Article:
Connecticut's health care exchange has been lauded across the country as a success story, but some residents who went through the enrollment process have had difficulty getting coverage.
In late March, Mary Beth Sweeney logged onto the Access Health CT Web site and signed up for a plan with Anthem. It was supposed to start on May 1, but she became concerned as the date approached and still had not received confirmation from the company that she was enrolled.
“I decided to resign from my job of eight years and certainly my number one priority was to have my health insurance covered,” the longtime pre-school teacher said.
Despite five hour-long calls this month, Sweeney’s status with Anthem remained in limbo and she said she started to get nervous about having no proof of insurance.
"I was told I had a 'phantom application' and Anthem didn't have any record of my Social Security number, or any of my information," Sweeney said on Tuesday. "As of now, it looks like I'm not covered."
Jason Madrak, the exchange's chief marketing officer, acknowledged that there have been some problems.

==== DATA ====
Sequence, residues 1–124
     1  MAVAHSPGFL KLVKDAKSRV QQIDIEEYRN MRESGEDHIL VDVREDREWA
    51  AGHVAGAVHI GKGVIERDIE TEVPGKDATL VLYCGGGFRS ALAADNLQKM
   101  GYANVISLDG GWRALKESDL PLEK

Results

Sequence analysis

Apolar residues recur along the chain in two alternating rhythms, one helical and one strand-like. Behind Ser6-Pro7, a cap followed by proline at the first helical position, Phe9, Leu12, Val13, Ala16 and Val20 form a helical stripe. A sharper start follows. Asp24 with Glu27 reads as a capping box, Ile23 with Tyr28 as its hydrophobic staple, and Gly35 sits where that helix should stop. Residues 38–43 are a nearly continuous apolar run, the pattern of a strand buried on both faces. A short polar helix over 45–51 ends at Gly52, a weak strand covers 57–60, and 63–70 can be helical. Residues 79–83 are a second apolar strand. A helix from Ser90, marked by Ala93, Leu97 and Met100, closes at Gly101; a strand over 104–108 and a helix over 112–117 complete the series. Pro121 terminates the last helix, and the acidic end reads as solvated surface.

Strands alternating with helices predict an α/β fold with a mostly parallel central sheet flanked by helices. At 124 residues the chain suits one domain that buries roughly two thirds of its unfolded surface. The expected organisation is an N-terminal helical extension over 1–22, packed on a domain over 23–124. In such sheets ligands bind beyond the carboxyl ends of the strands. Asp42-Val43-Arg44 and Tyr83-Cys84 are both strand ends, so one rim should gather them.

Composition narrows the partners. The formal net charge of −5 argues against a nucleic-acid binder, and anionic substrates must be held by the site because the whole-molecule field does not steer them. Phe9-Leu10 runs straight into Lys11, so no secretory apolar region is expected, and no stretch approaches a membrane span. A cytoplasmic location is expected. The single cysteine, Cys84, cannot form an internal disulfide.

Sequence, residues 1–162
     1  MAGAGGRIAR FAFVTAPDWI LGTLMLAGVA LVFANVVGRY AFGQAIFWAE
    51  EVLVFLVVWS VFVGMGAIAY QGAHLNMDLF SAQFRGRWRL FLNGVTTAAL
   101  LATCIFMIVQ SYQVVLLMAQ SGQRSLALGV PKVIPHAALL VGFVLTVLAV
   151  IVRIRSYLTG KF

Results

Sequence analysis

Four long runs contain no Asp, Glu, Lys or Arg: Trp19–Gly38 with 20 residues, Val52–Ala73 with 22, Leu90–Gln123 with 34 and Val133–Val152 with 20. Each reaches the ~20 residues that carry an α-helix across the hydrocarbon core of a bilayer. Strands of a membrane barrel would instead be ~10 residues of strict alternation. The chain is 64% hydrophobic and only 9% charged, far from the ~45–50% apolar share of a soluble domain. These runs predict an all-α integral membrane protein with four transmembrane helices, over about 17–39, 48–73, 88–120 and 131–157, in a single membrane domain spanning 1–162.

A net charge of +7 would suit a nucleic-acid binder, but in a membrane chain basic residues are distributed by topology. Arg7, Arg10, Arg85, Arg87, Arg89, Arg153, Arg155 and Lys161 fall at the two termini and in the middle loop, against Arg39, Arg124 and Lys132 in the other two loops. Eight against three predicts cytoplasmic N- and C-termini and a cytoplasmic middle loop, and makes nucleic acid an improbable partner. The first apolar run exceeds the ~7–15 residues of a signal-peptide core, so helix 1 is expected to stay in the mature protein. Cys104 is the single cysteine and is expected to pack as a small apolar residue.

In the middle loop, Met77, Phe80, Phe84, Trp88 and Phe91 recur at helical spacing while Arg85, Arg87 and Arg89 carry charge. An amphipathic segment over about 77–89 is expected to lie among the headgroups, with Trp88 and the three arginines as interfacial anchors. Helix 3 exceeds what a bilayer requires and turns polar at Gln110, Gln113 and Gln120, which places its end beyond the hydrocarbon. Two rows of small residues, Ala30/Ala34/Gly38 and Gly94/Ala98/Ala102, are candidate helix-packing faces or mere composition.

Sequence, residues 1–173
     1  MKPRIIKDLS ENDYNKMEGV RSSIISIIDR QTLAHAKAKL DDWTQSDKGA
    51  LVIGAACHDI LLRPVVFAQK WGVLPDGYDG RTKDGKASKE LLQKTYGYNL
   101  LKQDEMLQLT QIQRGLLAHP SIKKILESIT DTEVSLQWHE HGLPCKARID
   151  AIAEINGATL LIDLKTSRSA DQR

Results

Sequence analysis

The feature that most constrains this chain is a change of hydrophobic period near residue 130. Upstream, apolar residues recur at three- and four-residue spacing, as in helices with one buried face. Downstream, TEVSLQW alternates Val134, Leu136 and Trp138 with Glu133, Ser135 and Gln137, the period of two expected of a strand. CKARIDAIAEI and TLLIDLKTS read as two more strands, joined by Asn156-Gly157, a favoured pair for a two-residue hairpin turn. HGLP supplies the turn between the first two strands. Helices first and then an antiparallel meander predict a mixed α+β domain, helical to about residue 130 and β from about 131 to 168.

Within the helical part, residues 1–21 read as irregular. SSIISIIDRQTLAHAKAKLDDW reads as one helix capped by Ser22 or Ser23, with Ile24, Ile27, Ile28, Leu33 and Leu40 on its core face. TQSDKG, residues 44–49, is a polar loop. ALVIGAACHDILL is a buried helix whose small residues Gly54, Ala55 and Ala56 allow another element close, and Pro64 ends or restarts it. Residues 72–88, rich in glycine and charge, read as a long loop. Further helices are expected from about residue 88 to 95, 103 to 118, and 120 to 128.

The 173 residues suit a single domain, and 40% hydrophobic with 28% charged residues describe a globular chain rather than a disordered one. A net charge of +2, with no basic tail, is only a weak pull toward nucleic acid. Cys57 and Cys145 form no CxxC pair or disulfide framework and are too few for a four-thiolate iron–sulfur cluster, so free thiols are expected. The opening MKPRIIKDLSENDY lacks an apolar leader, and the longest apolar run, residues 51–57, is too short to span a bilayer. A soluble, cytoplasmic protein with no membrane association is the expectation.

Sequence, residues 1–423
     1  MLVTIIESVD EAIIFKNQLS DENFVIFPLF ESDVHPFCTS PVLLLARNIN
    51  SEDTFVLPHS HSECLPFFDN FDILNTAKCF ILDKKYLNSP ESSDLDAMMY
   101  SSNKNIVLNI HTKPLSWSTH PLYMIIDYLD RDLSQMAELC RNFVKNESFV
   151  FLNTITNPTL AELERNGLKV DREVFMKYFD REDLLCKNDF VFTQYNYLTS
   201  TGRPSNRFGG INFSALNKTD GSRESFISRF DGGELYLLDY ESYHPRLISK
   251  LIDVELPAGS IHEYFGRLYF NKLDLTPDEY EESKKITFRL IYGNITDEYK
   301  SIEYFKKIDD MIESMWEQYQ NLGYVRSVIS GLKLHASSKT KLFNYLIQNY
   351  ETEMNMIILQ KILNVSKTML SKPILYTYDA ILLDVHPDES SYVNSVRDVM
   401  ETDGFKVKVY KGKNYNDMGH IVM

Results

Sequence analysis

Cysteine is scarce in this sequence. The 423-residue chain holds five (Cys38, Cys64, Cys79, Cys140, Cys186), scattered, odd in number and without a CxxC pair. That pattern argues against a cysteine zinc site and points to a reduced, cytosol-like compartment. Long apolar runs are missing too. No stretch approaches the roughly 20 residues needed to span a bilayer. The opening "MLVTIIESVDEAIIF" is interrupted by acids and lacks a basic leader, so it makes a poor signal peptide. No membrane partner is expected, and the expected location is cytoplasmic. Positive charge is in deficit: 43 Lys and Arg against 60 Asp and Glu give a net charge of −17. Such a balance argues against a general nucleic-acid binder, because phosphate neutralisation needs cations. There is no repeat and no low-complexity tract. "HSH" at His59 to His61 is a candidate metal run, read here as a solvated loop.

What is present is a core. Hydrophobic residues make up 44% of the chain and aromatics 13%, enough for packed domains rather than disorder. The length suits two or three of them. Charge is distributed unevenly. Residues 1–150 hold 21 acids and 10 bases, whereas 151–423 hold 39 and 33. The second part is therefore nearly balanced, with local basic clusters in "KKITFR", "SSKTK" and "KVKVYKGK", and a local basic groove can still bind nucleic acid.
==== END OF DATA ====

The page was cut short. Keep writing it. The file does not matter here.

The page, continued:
"We largely avoided large issues of other state exchanges. That said, we do have a lot of individual issues that pop up," Madrak said.
Vicky Veltri works with residents on insurance-related disputes in her role as the state’s Healthcare Advocate and estimates about 1 percent of 208,000 people who've enrolled through Access Health Connecticut have encountered issues.
"The stakes are high, and resolving a problem for consumers is incredibly important to them," Veltri said.
Once the Troubleshooters and the Healthcare Advocate got involved, Access Health investigated Sweeney’s issue more closely and found a problem with the "834 form," which is sent electronically from the exchange to the carrier.
"Every once in a while, there's a glitch where somebody's 834 does not get to the carrier, so the carrier may or may not know the person is in their plan," Veltri said.
Sweeney’s case is now fully resolved and she said she's thrilled.
She's decided to begin her coverage on June 1 because she's been healthy and hasn't had any medical expenses this month.
Officials from Access Health Connecticut said what Sweeney encountered is rare, but it's an opportunity for the exchange to continue to improve.
"We have our team going through and making sure to analyze what happened during that session so we can resolve the issue and make sure it doesn't happen to other people," Madrak said.
Access Health officials said Sweeney’s case should serve as an example for everyone in Connecticut.
If you come across any problems with your coverage status or getting your insurance card, contact your carrier right away. If you still can't get answers, call the Office of the Healthcare Advocate. http://www.ct.gov/oha/site/default.asp